December 1, 2015

Contact: Andrew Jerome, 202-314-3106

WASHINGTON (December 1, 2015) – National Farmers Union (NFU) President Roger Johnson urged Congress and international leaders to take meaningful steps to mitigate climate change and pledge themselves to provide adequate risk management tools for America’s family farmers and ranchers, who are charged with ensuring the nation’s food security and have been dealing with a changing climate for decades.

“Earth’s climate is changing – temperatures are rising, extreme weather events are becoming more frequent, and precipitation patterns are shifting. The nation’s family farmers and ranchers have been in the trenches, working through that reality for years,” said Johnson. “Farmers and ranchers need access to both robust risk management tools and resources to help them cope with this new reality, or global food security is at risk,” he said.

Johnson noted that average temperatures have risen across the contiguous 48 states since 1901, with an increased rate of warming over the past 30 years. And the most recent 50 years likely have been the warmest worldwide in at least the last 1,300 years. This increase in temperature not only threatens grain production, but meat production as well.

“Grain yields decline about 5 percent for every one degree of temperature increase,” said Johnson. “Livestock production systems are vulnerable to temperature stresses as well, leading to reduced productivity per animal and thus higher costs for farmers and ranchers,” he added.

“This presents a real challenge for family farmers and ranchers who will be tasked with greatly increasing their productivity per acre to meet the needs of the world’s quickly expanding population,” he added. “Thankfully, there are means for adaptation and mitigation through strong, smart public policy that focuses on reduced emissions and increased sequestration.”

Johnson noted that NFU has long supported sundry conservation measures including no-till, the planting of cover crops, Conservation Reserve Program participation, and the use of high-efficiency machinery and equipment. “These practices are common among our membership, and with continued education can become more commonplace across our nation.”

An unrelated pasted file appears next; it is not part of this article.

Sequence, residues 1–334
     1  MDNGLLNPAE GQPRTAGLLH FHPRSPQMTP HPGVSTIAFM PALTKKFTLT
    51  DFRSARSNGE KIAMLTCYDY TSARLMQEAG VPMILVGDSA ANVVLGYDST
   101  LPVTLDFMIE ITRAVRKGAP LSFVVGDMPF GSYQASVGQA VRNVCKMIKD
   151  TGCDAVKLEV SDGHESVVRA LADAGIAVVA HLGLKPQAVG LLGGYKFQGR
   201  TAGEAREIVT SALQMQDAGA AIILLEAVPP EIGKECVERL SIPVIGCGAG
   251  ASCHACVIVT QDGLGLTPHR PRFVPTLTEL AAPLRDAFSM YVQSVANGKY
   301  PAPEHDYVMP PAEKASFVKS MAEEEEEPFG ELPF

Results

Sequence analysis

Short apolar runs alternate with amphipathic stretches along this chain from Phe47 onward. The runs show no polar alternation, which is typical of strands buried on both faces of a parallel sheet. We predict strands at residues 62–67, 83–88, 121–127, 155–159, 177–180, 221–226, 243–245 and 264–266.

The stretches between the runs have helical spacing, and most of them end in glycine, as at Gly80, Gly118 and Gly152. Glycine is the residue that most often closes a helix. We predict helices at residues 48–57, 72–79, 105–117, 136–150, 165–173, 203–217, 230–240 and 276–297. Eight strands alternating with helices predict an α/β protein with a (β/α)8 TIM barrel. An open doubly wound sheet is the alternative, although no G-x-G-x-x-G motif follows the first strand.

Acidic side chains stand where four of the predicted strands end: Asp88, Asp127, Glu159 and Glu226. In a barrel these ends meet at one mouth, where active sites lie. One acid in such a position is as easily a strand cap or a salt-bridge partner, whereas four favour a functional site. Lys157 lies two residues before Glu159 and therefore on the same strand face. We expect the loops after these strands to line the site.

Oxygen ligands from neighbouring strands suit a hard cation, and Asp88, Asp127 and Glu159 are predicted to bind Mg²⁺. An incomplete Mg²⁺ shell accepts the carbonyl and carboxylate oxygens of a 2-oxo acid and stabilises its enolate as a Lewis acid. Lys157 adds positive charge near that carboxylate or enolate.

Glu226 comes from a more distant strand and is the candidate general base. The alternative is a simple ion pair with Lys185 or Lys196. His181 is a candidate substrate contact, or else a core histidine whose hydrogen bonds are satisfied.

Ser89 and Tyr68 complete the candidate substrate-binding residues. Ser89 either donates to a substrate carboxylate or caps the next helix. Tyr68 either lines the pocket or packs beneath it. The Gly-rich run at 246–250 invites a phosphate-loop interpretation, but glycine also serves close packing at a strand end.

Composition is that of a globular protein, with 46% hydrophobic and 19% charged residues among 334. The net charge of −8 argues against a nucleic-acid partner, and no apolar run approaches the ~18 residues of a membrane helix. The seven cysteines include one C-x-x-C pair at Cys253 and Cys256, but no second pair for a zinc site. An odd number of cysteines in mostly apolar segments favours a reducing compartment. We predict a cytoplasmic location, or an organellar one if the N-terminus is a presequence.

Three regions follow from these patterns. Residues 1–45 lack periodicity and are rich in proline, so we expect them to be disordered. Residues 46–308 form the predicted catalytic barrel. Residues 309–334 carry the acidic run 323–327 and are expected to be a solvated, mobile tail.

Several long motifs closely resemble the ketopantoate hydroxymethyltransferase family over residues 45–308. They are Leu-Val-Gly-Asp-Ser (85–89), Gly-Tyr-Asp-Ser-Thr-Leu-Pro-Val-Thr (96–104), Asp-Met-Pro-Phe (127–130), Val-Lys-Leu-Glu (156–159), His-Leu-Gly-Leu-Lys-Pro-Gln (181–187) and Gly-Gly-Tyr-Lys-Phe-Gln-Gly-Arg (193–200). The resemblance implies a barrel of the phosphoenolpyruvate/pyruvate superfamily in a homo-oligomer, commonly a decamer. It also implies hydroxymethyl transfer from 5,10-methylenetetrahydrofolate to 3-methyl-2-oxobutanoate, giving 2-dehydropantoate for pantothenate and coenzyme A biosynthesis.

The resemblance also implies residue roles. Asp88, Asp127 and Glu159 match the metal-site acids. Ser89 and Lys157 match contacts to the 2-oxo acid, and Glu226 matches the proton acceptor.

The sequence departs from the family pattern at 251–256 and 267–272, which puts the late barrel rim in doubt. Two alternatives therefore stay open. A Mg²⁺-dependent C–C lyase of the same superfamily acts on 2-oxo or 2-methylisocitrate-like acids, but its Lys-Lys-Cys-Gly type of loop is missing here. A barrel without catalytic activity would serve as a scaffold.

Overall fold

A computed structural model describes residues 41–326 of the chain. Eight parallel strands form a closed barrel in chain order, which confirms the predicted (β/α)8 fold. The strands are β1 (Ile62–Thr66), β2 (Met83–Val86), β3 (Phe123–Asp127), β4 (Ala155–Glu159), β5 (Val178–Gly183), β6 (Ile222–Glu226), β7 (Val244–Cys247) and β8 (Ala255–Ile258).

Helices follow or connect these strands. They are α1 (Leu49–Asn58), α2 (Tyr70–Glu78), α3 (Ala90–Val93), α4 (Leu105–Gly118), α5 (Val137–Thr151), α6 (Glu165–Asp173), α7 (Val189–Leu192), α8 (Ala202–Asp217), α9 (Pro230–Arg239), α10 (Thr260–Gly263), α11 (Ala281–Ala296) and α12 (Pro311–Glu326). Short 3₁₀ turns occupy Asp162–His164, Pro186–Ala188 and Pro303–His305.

The U.S. Department of Agriculture, which has noted, “evidence exists that the U.S. is already experiencing an increased incidence of extreme weather events,” has suggested several steps that farmers and ranchers can take to either reduce emissions, increase sequestration, or both.

“We appreciate the administration’s efforts to increase development of renewable energy and energy efficiency, as well as USDA’s work engaging farmers in climate mitigation through existing conservation programs. Their work educating farmers on how climate will affect their operations through the regional Climate Hubs is also, and will continue to be, essential to maintaining high productivity and food security,” Johnson said. “But it is past time for Congress to step up.”

Johnson urged America’s farmers and ranchers to make clear to Congress that it needs to ensure that public policy initiatives that mitigate climate change are fully implemented and that risk management tools for farmers remain fully funded.

“The nation has already adopted important public policy steps, like the Renewable Fuel Standard, that must be fully implemented to be effective,” he said. “At the same time, Congress needs to resist pressure for further cuts to the 2014 Farm Bill and crop insurance, two important policy tools that have greatly helped farmers manage the extreme weather fluctuations they’re already experiencing.”

Johnson pointed out that the nation’s farmers and ranchers are responsible stewards of the land, and combined with strong public policy initiatives, will continue to lead the nation in its efforts to mitigate climate change. “Time and again, the nation’s farmers and ranchers have shown that their love for the land and untouchable work ethic, combined with good public policy, are a force to be reckoned with.”

National Farmers Union has been working since 1902 to protect and enhance the economic well-being and quality of life for family farmers, ranchers and rural communities through advocating grassroots-driven policy positions adopted by its membership.